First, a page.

Thursday, September 4, 2014

How the New Deal Helped Win World War II (part 1 of 10): TVA Power

(In this interesting 3-minute video, we see the TVA constructing Norris Dam in Tennessee, circa 1933-36. The video appears to have been made, in part, to highlight the durability of Chevrolet trucks. This is interesting, because it shows how government infrastructure initiatives can spur the growth of private sector business. Original YouTube link here:

In the early 1930s, President Franklin Roosevelt and his New Deal colleagues created the Tennessee Valley Authority (TVA) to produce power for Tennessee and surrounding areas. The TVA has been a success for over three-quarters of a century--so much of a success, in fact, that even today's Republican politicians protect it from privatization proposals (see "Obama Proposal To Sell TVA Blasted By Republicans"). And, in addition to providing much needed energy to American homes and businesses, TVA played a critical role during World War II, as was highlighted in an excellent 2008 documentary:  

"The United States learned of Germany's plans to build an atomic bomb. To win the war, the U.S. had to build the bomb first. The site for the atomic laboratory required two things: Secrecy and power. Tennessee was the answer. It had rugged mountains and, most importantly, TVA" (Built for the People: The Story of TVA, a Documentary Channel and Fine Films production).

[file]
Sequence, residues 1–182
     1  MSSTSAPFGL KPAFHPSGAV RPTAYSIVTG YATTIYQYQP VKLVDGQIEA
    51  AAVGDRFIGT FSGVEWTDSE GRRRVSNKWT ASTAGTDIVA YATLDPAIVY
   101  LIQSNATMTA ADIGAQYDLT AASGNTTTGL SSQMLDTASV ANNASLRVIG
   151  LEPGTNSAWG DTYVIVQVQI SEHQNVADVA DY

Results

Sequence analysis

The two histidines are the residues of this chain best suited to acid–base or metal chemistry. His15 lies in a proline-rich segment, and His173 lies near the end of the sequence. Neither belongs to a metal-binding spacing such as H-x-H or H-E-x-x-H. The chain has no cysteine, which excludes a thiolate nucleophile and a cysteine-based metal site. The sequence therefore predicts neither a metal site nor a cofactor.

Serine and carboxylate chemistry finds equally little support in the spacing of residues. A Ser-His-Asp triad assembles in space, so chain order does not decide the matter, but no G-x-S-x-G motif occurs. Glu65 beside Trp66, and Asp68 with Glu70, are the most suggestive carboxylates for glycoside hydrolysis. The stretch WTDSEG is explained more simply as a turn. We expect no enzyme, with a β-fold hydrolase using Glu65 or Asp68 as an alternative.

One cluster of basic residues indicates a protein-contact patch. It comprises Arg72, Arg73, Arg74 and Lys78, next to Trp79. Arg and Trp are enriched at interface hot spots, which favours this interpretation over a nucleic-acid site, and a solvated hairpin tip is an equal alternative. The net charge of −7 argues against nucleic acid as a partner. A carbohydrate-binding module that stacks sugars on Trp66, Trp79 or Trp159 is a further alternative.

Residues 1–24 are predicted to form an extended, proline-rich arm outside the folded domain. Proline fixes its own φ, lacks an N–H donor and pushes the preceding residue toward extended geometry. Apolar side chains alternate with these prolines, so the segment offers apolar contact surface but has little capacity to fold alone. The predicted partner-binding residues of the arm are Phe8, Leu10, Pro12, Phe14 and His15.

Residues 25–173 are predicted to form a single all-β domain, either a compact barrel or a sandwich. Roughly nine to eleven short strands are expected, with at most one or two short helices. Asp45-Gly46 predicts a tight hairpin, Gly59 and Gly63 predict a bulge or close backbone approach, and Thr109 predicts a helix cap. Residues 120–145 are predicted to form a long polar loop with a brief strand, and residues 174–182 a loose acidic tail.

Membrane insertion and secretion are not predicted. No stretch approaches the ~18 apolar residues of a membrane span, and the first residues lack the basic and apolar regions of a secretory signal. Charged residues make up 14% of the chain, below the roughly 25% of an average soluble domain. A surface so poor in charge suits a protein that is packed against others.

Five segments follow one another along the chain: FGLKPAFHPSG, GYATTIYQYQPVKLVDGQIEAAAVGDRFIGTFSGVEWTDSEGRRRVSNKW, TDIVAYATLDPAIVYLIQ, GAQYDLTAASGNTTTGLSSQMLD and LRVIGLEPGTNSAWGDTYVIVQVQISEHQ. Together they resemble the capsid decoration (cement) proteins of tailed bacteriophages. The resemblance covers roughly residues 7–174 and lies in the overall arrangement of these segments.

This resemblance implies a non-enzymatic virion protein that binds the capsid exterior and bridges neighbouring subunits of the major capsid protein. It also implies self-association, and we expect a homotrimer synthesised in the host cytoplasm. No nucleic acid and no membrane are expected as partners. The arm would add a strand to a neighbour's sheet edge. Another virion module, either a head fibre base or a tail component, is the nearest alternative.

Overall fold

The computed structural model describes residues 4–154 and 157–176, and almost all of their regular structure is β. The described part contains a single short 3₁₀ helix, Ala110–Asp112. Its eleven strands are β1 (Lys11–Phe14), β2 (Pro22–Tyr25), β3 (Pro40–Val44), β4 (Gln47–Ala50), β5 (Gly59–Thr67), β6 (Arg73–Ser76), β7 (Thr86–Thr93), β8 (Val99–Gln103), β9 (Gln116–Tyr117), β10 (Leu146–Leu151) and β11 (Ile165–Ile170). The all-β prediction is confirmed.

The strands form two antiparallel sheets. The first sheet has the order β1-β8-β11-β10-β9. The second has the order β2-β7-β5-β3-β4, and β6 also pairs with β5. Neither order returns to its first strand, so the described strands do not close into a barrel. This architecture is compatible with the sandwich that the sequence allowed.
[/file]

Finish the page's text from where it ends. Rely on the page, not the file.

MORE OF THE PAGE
The quote above refers to the testing & development facilities at Oak Ridge, Tennessee. It was at Oak Ridge that the Hiroshima bomb was built. The bomb caused a massive loss of life but also helped end World War II.

There were other TVA war activities:

"TVA made a number of key contributions to the war effort. Its mapping department, based in Chattanooga, Tennessee, used aerial reconnaissance and techniques perfected in the course of mapping the TVA region to make crucial maps of Europe for Allied aviators. Its nitrate plants in Muscle Shoals, Alabama, supplied the raw material for thousands of tons of munitions, as well as fertilizer to help grow food in beleaguered Allied countries. But TVA’s main contribution lay in producing enormous amounts of electric power...For all its accomplishments before and since, TVA’s star may never have shone brighter than when it helped win America’s biggest war." (To learn more, see "TVA Goes to War," Tennessee Valley Authority,

Some say the New Deal was nothing but wasteful spending. What do you think?

No comments:

Post a Comment